BETWEEN FRIENDS creator Sandra Bell-Lundy writes about good comic strip writing, a bikini, and its relation to human rights.
In this entry, she honestly talks about the value of writing to please yourself, and what she learned from the late Jay Kennedy. Here's Sandra:
If there's one thing a cartoonist has to learn, it's that you have to write for yourself and that your work is not going to appeal to everyone. When I was working with my editor, Jay Kennedy during the development stage of my cartoon strip, I would fax my ideas to him and he would call me back with a critique of my work. He'd tell me why this strip worked and that one didn't and if he thought a particular strip was very funny. Every so often, I would catch myself writing my strips according to what I thought Jay would find funny. And you know what? ...not once did he tell me that the strip I wrote trying to appeal to his funny bone "was very funny". After a few times, it dawned on me that I should just write what I thought was funny. If someone else found it funny, well...consider it gravy.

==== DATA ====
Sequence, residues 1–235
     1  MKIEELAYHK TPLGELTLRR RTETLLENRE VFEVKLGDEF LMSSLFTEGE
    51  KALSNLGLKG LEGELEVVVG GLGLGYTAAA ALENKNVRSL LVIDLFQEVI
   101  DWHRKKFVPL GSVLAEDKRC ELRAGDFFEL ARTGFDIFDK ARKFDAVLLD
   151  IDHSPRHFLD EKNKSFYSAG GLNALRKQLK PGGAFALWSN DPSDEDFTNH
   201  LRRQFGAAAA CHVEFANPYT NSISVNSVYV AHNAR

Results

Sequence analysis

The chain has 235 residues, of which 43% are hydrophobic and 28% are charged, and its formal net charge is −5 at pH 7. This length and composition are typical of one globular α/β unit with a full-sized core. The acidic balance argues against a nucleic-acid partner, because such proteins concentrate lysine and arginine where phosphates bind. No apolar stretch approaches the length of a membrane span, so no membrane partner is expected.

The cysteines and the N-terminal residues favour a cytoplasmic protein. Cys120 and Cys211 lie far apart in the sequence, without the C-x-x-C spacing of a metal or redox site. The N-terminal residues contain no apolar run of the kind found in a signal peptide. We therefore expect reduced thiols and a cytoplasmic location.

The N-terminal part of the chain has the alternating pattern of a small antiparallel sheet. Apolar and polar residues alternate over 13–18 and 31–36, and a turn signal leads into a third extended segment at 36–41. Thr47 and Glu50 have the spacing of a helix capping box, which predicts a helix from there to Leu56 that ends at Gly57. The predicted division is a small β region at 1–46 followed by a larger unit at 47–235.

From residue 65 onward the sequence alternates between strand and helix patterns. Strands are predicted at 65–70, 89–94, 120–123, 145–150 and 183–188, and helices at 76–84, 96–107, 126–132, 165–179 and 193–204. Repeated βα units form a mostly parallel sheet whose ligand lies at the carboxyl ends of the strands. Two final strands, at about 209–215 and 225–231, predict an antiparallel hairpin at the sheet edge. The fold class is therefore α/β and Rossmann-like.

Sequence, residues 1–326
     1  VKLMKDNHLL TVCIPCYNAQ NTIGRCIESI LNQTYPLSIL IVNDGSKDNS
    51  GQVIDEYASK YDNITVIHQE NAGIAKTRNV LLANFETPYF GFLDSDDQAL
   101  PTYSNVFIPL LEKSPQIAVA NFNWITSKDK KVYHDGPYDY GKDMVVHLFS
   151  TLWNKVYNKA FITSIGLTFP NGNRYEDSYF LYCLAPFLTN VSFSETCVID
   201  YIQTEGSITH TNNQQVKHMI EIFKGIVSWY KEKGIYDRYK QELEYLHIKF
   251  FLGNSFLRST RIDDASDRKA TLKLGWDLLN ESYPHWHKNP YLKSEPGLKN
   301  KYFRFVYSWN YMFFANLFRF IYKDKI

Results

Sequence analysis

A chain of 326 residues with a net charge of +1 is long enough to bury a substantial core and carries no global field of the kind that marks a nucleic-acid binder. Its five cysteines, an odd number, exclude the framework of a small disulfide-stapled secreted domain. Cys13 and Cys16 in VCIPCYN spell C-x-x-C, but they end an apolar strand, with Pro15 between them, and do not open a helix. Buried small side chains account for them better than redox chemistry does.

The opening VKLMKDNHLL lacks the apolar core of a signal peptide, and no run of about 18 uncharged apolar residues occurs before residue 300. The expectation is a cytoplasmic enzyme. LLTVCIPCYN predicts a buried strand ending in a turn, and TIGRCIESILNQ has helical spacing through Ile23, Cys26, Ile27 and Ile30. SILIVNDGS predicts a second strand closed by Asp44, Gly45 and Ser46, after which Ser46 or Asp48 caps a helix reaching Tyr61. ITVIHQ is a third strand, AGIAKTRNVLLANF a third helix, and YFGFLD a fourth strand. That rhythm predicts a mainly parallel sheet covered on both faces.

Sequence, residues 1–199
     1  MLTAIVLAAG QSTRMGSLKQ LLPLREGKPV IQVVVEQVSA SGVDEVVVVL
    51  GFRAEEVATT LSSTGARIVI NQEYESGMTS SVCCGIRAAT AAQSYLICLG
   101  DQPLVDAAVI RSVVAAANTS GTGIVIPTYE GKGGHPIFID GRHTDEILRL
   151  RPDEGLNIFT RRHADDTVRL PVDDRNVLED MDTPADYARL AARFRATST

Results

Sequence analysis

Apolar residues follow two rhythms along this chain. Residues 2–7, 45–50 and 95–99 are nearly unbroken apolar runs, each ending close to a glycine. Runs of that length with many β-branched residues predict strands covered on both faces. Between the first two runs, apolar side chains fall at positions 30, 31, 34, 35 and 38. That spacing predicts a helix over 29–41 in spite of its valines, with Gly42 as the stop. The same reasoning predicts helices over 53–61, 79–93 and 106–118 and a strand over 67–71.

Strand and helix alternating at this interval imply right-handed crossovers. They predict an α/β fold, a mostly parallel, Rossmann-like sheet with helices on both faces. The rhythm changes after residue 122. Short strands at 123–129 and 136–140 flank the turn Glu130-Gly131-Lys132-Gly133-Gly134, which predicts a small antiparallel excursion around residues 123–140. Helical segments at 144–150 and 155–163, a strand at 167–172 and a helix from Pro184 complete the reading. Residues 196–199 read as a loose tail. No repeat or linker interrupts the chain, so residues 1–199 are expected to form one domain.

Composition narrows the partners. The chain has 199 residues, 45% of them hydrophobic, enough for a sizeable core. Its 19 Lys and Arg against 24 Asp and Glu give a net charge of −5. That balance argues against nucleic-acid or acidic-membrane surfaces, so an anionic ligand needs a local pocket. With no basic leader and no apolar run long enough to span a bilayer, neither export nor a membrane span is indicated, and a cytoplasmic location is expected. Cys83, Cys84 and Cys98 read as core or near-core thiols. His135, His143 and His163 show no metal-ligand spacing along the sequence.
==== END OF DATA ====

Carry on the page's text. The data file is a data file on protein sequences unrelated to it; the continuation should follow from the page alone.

It's so hard to be a cartoonist because, despite the fact that there is a skill set that you can learn (learn to draw, learn to write), there is NOT a standard operating procedure to apply. A cartoonist has to offer something unique -- and, harder still, a cartoonist has to self-generate all this.
Related: No Ta-tas or Pee-pees in Children’s Publishing, But Most of All, No Balls? from the Chronicle Books blog by Melissa Manlove. It's about a terrific series of children's books, all ready best sellers in Europe, that were not printed in the US (until Chronicle Books picked them up) due to "American prudishness."